before reversing this trend the following year. The primary reason for this decline was the acquisition of C&S/Sovran Bank,
headquartered in Norfolk and Atlanta, by North Carolina National Bank. The new merged bank was called NationsBank and
its headquarters were located in Charlotte; the Virginia banking operations became known as NationsBank of Virginia N.A.
Thus, large deposits, which used to be reported out of the Norfolk office were being reported out of the Richmond office until
September 1995 and out of the Charlotte office thereafter.

Total deposits increased from $8.94 billion in 1998 to $10.33 billion in 1999, a jump of $1.37 billion in only one year. Most
of this can be attributed to the acquisition of two thrift institutions, First Coastal Bank and Life Savings Bank, by Centura Bank
and Branch Banking and Trust Co. of Virginia, respectively. The deposits of these two thrift institutions in 1999 were $1.11 bil-
lion. Finally, total deposits in 2000 would have increased by another $480 million if CENIT Bank, a thrift institution, had not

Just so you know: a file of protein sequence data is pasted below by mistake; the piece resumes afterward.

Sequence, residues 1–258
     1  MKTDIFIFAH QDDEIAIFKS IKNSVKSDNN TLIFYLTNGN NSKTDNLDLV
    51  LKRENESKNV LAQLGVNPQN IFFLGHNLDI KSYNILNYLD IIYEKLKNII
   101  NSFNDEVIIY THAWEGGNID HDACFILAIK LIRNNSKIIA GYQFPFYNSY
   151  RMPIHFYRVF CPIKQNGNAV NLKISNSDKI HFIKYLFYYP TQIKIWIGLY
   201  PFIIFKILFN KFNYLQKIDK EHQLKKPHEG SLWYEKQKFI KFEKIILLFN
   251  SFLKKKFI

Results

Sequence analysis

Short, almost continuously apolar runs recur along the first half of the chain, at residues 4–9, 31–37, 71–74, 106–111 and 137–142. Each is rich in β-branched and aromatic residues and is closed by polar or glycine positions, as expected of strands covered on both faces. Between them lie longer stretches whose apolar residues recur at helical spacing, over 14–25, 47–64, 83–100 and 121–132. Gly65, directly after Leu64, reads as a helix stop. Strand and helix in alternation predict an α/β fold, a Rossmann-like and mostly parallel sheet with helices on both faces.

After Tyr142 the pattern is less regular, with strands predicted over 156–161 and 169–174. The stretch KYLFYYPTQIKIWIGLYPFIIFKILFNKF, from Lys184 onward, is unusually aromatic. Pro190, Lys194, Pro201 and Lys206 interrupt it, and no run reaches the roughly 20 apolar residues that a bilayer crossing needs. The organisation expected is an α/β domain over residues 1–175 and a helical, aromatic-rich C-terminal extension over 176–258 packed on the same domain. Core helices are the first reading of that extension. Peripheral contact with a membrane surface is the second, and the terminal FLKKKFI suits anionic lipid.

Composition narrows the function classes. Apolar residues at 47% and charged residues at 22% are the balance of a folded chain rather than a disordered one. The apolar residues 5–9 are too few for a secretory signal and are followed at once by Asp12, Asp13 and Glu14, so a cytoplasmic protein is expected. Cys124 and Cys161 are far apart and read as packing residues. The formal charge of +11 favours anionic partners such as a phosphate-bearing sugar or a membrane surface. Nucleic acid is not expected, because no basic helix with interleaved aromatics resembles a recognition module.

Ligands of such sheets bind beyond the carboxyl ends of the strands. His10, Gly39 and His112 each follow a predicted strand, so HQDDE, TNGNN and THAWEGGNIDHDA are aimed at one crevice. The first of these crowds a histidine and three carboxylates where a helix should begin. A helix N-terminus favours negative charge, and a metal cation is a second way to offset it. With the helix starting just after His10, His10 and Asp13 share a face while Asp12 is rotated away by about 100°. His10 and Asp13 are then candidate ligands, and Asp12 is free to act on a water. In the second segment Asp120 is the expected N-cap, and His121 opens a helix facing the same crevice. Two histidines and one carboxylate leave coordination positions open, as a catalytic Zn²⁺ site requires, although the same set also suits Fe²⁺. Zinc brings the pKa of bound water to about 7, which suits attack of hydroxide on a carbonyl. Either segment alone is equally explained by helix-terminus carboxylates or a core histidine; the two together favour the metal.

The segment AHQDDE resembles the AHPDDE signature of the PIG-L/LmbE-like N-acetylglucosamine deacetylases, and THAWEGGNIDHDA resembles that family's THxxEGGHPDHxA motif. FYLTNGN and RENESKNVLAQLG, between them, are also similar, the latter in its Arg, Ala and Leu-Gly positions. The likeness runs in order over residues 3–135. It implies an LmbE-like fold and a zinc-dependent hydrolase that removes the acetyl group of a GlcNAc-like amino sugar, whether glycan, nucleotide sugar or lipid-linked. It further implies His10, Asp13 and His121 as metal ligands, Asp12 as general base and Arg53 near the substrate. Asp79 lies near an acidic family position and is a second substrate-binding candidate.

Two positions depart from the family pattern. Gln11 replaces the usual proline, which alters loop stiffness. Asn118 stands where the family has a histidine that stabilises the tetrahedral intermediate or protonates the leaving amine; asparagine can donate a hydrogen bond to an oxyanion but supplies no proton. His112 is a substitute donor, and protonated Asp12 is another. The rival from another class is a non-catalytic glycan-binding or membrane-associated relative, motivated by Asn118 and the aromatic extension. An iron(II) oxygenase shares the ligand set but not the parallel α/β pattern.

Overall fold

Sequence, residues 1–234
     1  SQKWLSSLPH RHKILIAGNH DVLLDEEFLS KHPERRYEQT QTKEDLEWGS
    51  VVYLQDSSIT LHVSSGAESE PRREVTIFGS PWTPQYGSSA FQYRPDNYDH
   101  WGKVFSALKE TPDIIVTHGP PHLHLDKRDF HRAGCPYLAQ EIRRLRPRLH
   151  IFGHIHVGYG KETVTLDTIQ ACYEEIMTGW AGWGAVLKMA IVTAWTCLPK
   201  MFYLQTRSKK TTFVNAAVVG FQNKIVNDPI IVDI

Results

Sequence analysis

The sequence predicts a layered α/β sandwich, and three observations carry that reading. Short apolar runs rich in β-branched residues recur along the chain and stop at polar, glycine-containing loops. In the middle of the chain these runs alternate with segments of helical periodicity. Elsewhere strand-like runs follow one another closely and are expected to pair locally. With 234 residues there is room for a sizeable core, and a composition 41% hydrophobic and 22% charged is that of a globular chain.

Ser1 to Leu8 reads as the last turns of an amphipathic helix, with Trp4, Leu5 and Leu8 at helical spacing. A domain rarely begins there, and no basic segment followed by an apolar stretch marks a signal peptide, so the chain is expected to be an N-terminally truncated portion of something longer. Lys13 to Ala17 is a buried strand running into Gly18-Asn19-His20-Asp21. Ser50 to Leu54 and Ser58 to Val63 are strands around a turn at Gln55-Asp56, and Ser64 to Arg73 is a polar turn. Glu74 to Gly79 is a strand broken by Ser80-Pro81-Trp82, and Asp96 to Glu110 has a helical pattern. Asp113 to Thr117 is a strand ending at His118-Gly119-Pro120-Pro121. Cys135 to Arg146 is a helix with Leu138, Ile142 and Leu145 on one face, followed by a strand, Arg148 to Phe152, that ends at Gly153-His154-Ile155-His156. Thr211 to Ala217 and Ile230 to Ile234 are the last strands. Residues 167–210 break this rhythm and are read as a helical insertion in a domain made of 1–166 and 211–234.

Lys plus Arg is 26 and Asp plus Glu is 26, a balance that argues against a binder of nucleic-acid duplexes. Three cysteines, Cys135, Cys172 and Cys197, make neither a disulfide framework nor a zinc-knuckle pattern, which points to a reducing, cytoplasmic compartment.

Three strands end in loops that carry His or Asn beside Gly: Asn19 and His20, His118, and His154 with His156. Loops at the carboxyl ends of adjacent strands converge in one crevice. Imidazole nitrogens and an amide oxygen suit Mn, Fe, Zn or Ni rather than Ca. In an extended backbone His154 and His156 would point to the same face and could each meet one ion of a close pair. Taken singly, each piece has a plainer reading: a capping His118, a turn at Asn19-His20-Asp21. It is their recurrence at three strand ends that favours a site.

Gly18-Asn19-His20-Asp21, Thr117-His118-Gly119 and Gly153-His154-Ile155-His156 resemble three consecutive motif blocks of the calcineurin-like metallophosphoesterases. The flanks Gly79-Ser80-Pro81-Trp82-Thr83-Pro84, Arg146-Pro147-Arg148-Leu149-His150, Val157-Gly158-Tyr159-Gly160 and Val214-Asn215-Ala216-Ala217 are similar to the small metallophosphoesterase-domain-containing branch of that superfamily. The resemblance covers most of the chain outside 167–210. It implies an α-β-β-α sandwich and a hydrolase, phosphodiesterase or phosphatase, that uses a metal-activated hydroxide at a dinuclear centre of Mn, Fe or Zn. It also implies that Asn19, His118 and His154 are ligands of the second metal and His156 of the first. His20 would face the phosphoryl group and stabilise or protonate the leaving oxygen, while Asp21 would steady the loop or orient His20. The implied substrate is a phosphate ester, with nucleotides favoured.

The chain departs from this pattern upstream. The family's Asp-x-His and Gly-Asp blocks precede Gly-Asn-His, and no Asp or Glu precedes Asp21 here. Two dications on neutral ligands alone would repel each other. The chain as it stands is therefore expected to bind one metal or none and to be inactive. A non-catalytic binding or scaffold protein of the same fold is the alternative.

acquired Cenit Bank, a commercial bank, in 2000. These deposits will appear again for Hampton Roads in 2002 after
SouthTrust, an Alabama-based bank, completes its acquisition of CENIT in late 2001.




126                                                                T H E       S T A T E        O F     T H E     R E G I O N
                                                                                           GRAPH 8
                                                                DEPOSITS OF COMMERCIAL BANKING INSTITUTIONS IN HAMPTON ROADS
                                                                           BY LOCATION OF OFFICES AND HEADQUARTERS
                                                                                          1981 - 2000



                                            $12



                                            $10



                                             $8
                Dollar Amount in Billions




                                             $6



                                             $4



                                             $2



                                             $0
                                                  1981 1982 1983 1984 1985 1986 1987 1988 1989 1990 1991 1992 1993 1994 1995 1996 1997 1998 1999 2000